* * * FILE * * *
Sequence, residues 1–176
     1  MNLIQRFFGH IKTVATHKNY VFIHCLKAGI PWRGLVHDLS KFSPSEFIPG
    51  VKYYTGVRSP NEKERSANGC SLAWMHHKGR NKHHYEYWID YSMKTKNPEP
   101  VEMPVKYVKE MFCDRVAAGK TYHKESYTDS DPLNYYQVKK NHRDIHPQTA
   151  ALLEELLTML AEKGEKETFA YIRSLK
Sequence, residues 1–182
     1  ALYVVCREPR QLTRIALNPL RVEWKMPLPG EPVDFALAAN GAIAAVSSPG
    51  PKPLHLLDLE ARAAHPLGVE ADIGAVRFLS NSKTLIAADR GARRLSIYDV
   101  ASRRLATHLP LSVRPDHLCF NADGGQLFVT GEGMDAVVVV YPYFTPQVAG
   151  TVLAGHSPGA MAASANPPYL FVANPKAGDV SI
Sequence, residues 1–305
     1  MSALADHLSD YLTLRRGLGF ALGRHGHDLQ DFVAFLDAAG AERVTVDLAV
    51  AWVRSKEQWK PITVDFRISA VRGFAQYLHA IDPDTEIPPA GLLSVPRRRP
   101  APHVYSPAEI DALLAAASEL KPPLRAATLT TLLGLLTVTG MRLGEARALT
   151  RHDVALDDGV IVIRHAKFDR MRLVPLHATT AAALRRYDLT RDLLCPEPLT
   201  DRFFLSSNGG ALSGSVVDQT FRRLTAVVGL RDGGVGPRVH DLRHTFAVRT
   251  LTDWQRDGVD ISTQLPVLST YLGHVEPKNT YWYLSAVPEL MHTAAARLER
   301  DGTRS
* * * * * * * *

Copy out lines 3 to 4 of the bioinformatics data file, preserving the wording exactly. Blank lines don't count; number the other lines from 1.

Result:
    51  VKYYTGVRSP NEKERSANGC SLAWMHHKGR NKHHYEYWID YSMKTKNPEP
   101  VEMPVKYVKE MFCDRVAAGK TYHKESYTDS DPLNYYQVKK NHRDIHPQTA